The Wimble Shoals project team sought to complete a detailed magnetic survey of the shoal, coinciding with the deployment of a high-resolution side scan sonar. A primary goal was to identify and characterize cultural resources of the shoal.
The collected information will be compared to preexisting baseline datasets from federal government (U.S. Geological Survey, U.S. Army Corps of Engineers), private (Geodynamics, LLC), and East Carolina University sources. These datasets, while an important foundation upon which to build an understanding of the shoal, are not of sufficient resolution to assist with the discovery and classification of cultural resources in the area.
The primary archaeological devices were a Geometrics G882 magnetometer and a Klein 3000H side scan sonar. A survey area 10 kilometers wide and 10 kilometers long (~6 by 6 miles) was selected to cover the outer extent of Wimble Shoals (i.e., portions of the shoal outside of State waters) and to incorporate other reported shipwreck locations (including multiple reported locations of Mirlo). Within this area, the scientific team sought to initially cover 100 survey lines, spaced at 100-meter (328-foot) intervals.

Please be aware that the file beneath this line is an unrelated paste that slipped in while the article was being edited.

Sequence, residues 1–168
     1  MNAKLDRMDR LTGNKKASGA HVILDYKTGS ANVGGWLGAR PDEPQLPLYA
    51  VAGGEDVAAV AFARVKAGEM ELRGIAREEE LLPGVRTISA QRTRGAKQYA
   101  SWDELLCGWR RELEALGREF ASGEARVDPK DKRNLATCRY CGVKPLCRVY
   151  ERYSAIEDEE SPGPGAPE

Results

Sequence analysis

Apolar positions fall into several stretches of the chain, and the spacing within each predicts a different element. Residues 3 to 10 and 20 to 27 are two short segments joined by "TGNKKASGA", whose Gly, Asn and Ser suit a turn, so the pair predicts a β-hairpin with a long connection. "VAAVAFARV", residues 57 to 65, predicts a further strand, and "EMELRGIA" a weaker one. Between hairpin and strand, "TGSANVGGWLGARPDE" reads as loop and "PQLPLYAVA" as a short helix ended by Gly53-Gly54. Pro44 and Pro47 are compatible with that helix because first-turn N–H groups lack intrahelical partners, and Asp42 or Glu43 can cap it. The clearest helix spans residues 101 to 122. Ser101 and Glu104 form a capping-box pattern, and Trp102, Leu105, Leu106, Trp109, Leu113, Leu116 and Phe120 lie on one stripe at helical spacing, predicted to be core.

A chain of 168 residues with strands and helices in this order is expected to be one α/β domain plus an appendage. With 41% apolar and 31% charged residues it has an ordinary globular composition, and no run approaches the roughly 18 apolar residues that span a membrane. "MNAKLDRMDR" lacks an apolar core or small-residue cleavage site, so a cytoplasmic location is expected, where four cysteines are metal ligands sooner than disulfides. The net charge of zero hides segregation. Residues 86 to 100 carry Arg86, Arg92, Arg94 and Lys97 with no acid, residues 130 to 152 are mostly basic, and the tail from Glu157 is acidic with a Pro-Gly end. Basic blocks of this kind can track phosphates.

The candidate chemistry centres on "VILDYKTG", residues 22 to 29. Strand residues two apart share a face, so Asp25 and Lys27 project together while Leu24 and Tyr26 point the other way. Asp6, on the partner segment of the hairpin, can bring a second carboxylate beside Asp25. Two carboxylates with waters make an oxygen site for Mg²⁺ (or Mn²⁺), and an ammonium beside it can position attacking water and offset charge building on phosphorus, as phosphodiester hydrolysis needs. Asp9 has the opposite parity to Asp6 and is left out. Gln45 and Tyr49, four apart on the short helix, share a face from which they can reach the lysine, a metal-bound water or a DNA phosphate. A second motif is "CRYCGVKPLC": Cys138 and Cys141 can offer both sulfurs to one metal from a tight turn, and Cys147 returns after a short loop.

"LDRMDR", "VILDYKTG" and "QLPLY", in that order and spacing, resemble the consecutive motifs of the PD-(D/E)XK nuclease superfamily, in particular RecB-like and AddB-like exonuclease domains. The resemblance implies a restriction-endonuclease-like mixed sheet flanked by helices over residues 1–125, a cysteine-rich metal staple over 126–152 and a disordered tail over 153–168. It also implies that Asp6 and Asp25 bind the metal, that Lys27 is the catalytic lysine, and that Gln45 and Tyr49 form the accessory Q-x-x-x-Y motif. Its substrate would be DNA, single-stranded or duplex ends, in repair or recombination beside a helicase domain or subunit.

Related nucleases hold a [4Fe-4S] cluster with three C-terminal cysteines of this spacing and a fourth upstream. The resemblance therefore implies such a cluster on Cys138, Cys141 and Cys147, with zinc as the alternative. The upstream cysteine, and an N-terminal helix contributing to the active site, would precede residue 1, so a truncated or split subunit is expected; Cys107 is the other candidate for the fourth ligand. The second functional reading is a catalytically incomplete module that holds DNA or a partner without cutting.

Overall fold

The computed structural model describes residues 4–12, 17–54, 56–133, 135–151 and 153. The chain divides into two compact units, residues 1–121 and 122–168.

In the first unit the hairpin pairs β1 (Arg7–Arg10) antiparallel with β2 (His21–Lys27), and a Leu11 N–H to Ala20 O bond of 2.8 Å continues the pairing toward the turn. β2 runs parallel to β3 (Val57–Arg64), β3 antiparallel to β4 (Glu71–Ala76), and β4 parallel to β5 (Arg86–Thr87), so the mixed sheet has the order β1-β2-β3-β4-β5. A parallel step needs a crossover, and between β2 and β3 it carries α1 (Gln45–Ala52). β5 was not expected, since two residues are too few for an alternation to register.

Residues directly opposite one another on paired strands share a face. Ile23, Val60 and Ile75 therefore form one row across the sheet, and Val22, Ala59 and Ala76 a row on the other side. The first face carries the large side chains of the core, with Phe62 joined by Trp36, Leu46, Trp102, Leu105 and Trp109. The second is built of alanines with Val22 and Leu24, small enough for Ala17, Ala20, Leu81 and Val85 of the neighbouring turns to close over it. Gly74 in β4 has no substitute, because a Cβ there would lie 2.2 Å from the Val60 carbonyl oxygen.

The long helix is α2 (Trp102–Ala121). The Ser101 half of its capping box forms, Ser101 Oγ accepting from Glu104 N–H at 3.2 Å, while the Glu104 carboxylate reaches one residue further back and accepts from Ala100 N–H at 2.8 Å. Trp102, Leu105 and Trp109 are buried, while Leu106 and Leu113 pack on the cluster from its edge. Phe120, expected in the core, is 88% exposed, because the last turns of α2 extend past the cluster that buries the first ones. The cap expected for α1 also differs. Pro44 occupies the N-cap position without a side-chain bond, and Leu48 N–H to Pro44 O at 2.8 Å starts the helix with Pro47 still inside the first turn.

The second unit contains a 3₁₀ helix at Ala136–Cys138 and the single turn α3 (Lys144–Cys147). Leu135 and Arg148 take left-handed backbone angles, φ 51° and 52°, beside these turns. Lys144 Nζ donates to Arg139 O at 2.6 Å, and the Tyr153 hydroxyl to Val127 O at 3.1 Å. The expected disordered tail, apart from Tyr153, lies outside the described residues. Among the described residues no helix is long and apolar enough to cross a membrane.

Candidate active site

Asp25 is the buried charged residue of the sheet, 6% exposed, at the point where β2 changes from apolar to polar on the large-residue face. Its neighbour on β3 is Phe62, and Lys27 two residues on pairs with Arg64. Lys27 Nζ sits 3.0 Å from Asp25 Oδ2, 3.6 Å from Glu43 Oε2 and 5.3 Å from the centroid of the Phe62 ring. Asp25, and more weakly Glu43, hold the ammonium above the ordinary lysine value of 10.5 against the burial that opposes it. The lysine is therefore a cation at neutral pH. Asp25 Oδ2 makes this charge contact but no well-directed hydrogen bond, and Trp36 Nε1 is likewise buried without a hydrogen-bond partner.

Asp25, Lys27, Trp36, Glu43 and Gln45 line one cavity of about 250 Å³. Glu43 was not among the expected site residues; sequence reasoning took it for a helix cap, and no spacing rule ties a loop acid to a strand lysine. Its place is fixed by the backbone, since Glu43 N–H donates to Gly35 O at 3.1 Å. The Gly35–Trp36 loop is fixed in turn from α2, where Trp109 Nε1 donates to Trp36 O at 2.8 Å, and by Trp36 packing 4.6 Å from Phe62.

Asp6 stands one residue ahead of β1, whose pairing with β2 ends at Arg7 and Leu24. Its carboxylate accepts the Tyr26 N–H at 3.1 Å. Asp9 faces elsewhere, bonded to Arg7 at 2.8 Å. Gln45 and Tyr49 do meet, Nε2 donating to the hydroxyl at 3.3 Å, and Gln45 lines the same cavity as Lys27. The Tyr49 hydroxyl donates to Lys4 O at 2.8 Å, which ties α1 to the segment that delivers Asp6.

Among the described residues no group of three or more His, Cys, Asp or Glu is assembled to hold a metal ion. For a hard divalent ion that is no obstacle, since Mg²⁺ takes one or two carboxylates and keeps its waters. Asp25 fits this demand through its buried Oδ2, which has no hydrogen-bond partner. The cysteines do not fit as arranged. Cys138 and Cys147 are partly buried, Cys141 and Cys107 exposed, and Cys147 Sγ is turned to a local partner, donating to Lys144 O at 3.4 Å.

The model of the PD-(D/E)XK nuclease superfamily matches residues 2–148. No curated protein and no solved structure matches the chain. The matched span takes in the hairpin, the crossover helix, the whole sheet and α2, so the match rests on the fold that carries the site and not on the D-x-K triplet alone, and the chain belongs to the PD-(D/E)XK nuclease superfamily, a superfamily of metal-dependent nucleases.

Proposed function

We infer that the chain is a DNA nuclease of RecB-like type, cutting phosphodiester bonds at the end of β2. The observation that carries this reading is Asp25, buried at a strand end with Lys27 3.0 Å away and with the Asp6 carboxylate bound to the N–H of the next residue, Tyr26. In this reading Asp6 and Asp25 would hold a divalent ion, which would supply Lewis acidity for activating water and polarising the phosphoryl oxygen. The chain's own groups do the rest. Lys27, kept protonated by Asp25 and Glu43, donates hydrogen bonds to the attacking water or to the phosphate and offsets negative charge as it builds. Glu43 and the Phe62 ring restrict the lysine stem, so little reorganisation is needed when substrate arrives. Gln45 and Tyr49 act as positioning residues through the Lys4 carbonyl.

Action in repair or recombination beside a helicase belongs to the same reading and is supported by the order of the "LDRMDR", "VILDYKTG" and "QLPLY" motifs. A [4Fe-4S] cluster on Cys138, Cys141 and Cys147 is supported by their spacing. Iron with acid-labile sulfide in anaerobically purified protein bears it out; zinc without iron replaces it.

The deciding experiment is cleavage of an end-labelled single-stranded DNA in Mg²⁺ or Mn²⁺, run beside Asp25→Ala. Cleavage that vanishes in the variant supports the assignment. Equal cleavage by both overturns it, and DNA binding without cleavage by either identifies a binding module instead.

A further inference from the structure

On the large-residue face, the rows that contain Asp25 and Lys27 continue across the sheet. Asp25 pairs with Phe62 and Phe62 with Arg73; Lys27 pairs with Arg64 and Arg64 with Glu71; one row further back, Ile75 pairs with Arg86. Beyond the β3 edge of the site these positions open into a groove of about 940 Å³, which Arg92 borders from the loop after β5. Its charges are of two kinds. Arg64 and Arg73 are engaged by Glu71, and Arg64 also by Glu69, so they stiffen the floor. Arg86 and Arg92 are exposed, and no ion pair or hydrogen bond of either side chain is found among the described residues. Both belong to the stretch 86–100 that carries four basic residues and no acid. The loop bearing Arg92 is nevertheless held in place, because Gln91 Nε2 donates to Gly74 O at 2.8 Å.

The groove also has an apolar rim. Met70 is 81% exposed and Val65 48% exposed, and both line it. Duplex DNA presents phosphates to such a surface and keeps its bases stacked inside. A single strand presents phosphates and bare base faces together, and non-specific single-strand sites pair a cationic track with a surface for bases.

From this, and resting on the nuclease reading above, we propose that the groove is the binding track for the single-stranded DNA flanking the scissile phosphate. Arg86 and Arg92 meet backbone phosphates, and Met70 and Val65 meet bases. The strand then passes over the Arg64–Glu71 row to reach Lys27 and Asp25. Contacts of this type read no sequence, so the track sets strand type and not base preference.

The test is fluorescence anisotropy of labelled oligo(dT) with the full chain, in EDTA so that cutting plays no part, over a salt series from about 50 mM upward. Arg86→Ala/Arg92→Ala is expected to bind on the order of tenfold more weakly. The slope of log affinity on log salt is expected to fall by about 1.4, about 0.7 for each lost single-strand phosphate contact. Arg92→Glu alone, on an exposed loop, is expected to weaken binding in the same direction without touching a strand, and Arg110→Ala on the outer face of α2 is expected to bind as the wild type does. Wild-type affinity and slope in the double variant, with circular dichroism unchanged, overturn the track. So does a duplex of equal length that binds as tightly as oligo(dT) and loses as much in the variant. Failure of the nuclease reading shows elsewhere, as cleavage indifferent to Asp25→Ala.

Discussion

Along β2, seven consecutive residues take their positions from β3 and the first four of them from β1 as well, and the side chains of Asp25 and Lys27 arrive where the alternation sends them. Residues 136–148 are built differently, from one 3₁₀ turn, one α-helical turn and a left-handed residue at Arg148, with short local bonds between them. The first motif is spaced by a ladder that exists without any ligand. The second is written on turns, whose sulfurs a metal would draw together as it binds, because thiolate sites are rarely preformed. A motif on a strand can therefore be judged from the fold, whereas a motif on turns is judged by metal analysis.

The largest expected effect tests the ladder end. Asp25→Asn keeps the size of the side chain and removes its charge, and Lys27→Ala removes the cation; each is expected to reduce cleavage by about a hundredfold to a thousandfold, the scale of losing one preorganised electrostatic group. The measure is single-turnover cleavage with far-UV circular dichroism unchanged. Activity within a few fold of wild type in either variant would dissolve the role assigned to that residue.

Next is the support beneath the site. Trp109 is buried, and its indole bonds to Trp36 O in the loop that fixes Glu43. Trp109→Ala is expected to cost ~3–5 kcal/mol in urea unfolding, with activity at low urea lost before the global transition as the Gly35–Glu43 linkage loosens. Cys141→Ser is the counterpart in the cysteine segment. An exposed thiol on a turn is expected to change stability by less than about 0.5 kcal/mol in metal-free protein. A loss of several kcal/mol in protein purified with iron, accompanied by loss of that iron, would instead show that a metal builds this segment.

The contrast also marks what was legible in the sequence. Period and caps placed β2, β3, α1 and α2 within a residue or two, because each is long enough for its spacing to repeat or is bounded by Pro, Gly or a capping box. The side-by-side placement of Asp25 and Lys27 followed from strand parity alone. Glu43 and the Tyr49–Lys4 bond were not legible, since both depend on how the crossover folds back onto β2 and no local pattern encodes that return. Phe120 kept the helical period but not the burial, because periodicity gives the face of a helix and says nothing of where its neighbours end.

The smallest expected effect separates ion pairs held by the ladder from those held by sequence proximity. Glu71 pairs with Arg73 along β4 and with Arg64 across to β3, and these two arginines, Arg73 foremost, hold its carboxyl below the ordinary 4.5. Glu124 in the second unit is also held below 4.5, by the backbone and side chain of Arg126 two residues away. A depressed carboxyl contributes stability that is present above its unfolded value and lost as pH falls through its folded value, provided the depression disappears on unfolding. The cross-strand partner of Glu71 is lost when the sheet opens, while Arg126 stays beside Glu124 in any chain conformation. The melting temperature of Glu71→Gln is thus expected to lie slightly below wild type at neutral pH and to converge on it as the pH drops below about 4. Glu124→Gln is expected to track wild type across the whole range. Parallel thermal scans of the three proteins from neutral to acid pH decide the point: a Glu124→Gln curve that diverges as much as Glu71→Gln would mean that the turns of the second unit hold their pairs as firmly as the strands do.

Within the context of a submerged and potentially migrating shoal (i.e., with the potential to bury shipwrecks), the magnetometer served a critical need for identifying sub-seabed cultural materials. With the G882’s high sensitivity (0.1nanoteslas), it is able to detect ferromagnetic material from objects much smaller than the very large steel-hulled shipwrecks believed to be within the search area. Examining magnetic anomalies and acoustic data together allows for comprehensive target identification.
Initial lower-resolution remote sensing data will be processed and a list of prioritized targets will be compiled. After ranking targets, areas of suspected submerged cultural remains will be revisited for recording at higher resolutions and more detailed recording.